I think it would also be good for researchers to start targeting journals more specific to institutional change and development, general learning theory, and education policy rather than those that are e-learning specific. Your comment “the need for research and development in e-learning has still not been effectively communicated to provincial and federal governments” on p.15 is key; who are the educational decision-makers in these bodies? What are THEY into? This will help to broaden the critique of e-learning; at the moment we seem a largely self-congratulating bunch, dissatisfied with progress. Part of this dissatisfaction may well be our own fault for not engaging with the sort of scholarship more aligned with educational change (good to see Beaudoin, 2004 musing the same thing for DE; how much more for e-learning!) I see the possible roots for this in your first bullet, p.9. Perhaps the lack of traction e-learning has (compared to its potential) could be the result of e-learning advocates talking to themselves in the mistaken belief that they were on to something somehow detached from adult learning, institutional development, and general education theory?

    I have read rather broadly, but have to admit that I am yet to see a rigorous treatment of the potential philosophical alignments of e-learning with regards to knowledge, teaching and learning. I had a go some years ago in a reasonably well-cited paper “A theory for e-learning” {} but have moved on in my research activity, so I’m, not sure if anything more has been said about this.

    I agree with your ‘definition’ problem; my own one is “e-learning is pedagogy empowered by digital technology”. This helps to remove any requirement to weigh the concept down too much with equally difficult terms such as ‘blended learning’.

    I had a shot at identifying barriers to e-learning diffusion (see {}), but, again, my own research is now heading down a different route. Here in New Zealand, e-learning received a tremendous boost with a generous, contestable government fund (the e-learning collaborative development fund, {}), which required institutions to team together. Outcomes from this fund include the building of significant e-learning infrastructure in less-developed polytechnics, enhancements to Moodle (almost all universities and polytechnics here in New Zealand have a Moodle installation and it is the main LMS for some), eXe, and Mahara. The Tertiary eLearning Research Fund (TeLRF, {}) also sponsored various research activities into e-learning-related matters; the eMM is a significant outcome of this. Projects had to be broadly aligned with the government’s own stated objectives. The relationships formed from these projects have led to continued collaboration and discussion – frequently at international levels.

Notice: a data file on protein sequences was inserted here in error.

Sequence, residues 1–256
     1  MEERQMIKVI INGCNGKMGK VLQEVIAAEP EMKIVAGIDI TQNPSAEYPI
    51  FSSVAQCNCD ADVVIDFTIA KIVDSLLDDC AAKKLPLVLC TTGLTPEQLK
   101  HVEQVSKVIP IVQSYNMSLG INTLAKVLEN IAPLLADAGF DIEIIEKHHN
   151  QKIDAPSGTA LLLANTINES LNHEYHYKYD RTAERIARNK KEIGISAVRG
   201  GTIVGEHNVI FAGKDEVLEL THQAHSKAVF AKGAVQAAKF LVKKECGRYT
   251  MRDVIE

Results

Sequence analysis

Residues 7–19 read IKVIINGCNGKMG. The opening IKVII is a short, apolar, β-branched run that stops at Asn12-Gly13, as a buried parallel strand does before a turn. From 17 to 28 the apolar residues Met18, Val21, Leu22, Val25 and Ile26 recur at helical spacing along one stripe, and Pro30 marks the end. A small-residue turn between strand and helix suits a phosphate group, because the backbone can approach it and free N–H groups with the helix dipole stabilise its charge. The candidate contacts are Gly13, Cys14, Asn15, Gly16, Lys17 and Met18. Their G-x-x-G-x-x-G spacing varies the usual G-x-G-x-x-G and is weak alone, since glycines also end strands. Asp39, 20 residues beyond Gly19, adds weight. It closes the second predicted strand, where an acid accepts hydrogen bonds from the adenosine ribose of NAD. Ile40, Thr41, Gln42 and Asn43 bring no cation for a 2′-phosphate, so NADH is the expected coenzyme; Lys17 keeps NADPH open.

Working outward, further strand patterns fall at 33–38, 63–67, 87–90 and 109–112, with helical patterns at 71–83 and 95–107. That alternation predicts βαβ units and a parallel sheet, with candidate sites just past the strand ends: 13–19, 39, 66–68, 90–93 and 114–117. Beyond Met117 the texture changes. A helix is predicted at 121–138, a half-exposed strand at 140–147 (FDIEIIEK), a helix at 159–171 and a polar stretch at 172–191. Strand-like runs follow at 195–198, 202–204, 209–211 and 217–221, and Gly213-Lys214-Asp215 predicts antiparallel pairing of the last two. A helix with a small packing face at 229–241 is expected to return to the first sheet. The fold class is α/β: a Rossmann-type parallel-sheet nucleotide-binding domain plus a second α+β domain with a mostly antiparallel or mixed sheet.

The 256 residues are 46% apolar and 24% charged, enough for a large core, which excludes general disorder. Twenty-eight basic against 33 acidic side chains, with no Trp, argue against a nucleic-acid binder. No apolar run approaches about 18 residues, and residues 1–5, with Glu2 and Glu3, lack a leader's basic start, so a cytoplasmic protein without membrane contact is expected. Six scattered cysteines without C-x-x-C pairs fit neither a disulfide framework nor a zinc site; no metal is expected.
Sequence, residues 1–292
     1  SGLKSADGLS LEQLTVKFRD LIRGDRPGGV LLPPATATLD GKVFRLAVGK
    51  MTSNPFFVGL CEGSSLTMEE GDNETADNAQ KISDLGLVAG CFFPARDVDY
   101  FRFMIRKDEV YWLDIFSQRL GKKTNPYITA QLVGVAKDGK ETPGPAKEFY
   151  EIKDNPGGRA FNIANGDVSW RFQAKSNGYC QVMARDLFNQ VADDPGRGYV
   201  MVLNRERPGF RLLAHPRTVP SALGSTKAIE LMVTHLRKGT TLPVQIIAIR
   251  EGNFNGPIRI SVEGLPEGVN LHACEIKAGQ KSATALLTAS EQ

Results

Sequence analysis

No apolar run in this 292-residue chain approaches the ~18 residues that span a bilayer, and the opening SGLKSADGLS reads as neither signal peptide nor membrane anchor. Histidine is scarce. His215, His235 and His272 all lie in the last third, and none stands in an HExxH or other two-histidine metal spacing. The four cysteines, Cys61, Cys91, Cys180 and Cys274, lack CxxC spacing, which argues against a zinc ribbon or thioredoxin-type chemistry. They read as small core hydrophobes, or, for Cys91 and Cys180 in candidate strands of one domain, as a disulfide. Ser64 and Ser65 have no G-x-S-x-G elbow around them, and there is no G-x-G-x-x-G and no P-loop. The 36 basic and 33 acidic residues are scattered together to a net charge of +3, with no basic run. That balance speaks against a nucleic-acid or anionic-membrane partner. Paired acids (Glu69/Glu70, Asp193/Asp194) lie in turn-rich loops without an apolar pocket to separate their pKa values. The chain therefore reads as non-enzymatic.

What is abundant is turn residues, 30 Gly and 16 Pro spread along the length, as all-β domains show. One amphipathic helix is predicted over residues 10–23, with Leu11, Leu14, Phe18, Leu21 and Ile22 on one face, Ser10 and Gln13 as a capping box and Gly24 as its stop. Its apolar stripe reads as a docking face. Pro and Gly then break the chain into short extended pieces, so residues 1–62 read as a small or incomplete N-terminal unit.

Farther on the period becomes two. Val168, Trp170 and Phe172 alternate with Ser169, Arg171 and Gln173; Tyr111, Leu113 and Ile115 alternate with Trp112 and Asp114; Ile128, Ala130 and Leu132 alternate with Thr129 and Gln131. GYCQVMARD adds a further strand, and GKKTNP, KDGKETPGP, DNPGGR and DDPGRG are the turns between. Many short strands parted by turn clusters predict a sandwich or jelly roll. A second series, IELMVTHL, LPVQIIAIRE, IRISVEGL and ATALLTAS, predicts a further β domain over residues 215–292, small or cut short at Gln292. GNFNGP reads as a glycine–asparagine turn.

Seems to me that your proposed CIDER agenda on p.9 is worthy of significant attention, but given the fragmentation of research already available it would also be a significant exercise! The outcomes of such a project, if successful, will hopefully provide the ‘touchstone’ so clearly missing from e-learning theory at the moment.

    For what it’s worth, I find it useful to differentiate between strategic and operational concerns and between formal and informal learning when considering research in e-learning.

    All the best as you follow through!

  4. Hi Terry,

    This is just to say thank you very much for giving us who are outside Canada a chance to join conversation about e-learning at SCoPE 2008. We should not take it for granted to be given a place for that.

    And I really think it would be great if SCoPE and the second edition online and teaching e-book and other volunteer work of high quality websites provide a honor system (a small contribution of $5 or 10 per person) so that some of the people who are helped and hope to do could give donation for gratitude.